Managing stress together: Guy Bodenmann’s ‘3 Phase Method’
The following exercise is based on Guy Bodenmann’s 3 Phase Method of couple coping. It is designed to help you to find ways to support each other to cope with the stresses and strains of life and therefore to improve your relationship.
Before beginning the exercise it is worth recognising that stresses come in different forms. Some stress is internal to the relationship, that is it relates to things that one partner either does, or doesn’t do, that the other finds stressful. Other stresses are external, that is they come from outside your immediate relationship. An example of an internal stress is resentment at someone not contributing to household chores. An external stress might relate to work or to other family members. How your partner manages an external stress might become an internal stress if it directly affects the relationship.
Stresses can be acute, that is they arrive suddenly and often unexpectedly, or chronic, that is, they persist for a long time. An acute stress might be an unexpected redundancy; a chronic stress in contrast could be long-term doubt and uncertainty over the future of a job.
Stresses can also be major, that is they have a dramatic impact and far-reaching consequences, or they can be minor, what we might call daily hassles. A major stress might be losing your house, whereas more minor stresses might include daily child-care issues or a chronic health complaint.
The ways couples cope with stress can be positive or negative.
Positive couple coping strategies can be supportive, for example offering practical help, emotional support, giving encouragement or expressing solidarity; common, for example joint problem-solving, joint information seeking, sharing of feelings, mutual commitment, or relaxing together; and/or delegated, for example where one partner takes over a new task or role to support the other partner.
Negative coping strategies can be hostile, for example support that is accompanied by disparagement, distancing, mocking, sarcasm, an open lack of interest, or that minimises the seriousness of the partner’s stress; ambivalent, when one partner supports the other unwillingly or with the attitude that his or her contribution should be unnecessary, and/or superficial, for example support that is insincere, such as asking questions about the partner’s feelings without listening, or supporting the partner without empathy.
The ways that couples react to stress can vary according to the type of stress. For example an acute, major stress, such as the death of a child, can either break apart a couple or bring them closer together, depending on how they deal with the tragedy.
For many couples it is the minor, chronic stresses, or daily hassles, that can grind down a relationship. When couples cope poorly with these types of stresses it can lead over time to a reduction in positive, caring behaviours and an increase in expressions of anger or withdrawal. The consequences can be to lose a sense of warmth and togetherness, and instead to feel resentment, isolation, and loneliness that can culminate in separation.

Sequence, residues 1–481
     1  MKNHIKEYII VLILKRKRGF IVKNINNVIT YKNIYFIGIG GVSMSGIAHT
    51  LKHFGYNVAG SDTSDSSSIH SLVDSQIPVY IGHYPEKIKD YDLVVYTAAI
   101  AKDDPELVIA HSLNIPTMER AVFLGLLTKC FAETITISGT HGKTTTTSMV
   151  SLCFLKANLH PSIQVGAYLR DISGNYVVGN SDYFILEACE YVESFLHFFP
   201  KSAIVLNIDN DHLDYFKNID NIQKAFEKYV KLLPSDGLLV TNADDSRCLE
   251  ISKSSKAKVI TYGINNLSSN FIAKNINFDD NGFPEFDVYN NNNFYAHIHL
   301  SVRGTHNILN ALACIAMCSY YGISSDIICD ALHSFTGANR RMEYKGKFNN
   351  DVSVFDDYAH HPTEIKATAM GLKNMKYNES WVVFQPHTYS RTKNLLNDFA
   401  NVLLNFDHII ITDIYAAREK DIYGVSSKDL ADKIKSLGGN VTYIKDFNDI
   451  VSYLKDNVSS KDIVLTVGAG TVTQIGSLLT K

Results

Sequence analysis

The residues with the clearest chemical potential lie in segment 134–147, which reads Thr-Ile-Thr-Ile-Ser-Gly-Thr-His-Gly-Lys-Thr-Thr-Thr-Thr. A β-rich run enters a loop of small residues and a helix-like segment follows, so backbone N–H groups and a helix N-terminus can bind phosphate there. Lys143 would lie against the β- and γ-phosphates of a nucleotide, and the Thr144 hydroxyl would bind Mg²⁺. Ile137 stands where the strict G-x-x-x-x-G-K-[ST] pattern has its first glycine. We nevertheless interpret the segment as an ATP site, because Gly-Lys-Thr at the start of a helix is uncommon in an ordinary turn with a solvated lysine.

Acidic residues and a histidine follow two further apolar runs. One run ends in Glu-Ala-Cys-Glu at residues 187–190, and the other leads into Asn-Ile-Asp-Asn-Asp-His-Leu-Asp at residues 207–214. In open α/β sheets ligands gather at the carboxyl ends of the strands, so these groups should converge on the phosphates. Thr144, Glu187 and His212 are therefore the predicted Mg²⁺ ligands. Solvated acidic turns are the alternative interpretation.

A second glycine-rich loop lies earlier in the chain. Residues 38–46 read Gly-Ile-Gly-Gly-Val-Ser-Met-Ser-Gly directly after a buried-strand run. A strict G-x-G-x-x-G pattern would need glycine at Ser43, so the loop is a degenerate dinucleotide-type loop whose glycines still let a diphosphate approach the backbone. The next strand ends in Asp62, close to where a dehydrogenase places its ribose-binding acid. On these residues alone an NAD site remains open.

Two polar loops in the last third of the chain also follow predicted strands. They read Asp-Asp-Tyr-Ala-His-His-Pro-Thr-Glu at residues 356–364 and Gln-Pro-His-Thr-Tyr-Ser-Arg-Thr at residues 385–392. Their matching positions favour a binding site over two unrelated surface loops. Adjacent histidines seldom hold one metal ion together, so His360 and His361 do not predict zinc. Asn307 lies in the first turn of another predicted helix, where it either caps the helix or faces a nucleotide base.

The following exercise is designed to help couples learn to deal collaboratively with chronic, minor stresses through providing each other with support and encouragement. In turn that makes life’s hassles feel more manageable and less overwhelming because you don’t feel that you have to deal with them on your own.
The 3-phase Method of offering support
Guy Boddenman describes a 3-phase method of offering support. Each partner takes it in turn to take either the confiding role or the supportive role.
In this first phase the confiding partner identifies a minor stressful experience that happened outside the relationship (i.e. something that’s not about your partner).
Taking about 15-30 minutes the confiding partner then tells the supportive partner about the experience following three guidelines:
- Describe the concrete aspects of the situation (what happened)
- Focus on the thoughts and emotions you felt at the time and afterwards
- Try to understand why the situation was so stressful i.e. what was it about it that touched a raw nerve.
The supportive partner listens to the confiding partner following three guidelines of his or her own:
- Listen actively, pay attention, use body language that shows you are paying attention
- Summarise important issues to show that you have understood
- Ask open-ended questions to get more information about the effect of the stressful event e.g. what was it about it that made you feel so upset?
In this second phase lasting about 10 minutes the supportive partner offers more direct support through:
- Offering emotional support in the form of empathy (e.g. ‘that sounds awful’), understanding (e.g. ‘I can see why that got to you at that time’), and reframing (e.g. ‘I wonder whether there’s another way of looking at the situation?’)
- Offering practical support, if appropriate (e.g. is there anything I can do that would help?’)
In the third phase, lasting about 5 minutes, the confiding partner tells the supportive partner:
- How satisfied he or she was with the support that was offered
- What else would have been needed to feel better and to cope more effectively with the stressful situation
At the end of phase 3 the partners swap roles and go through the three phases again.
I hope that you have found this helpful. Please feel free to email me with your comments.
© Andrew Grimmer, 2014
Bodenmann, G., & Randall, A. K. (2012). Common factors in the enhancement of dyadic coping. Behavior therapy, 43(1), 88-98.
Bodenmann, G., & Shantinath, S. D. (2004). The Couples Coping Enhancement Training (CCET): A new approach to prevention of marital distress based upon stress and coping*. Family Relations, 53(5), 477-484.
Randall, A. K., & Bodenmann, G. (2009). The role of stress on close relationships and marital satisfaction. Clinical psychology review, 29(2), 105-115.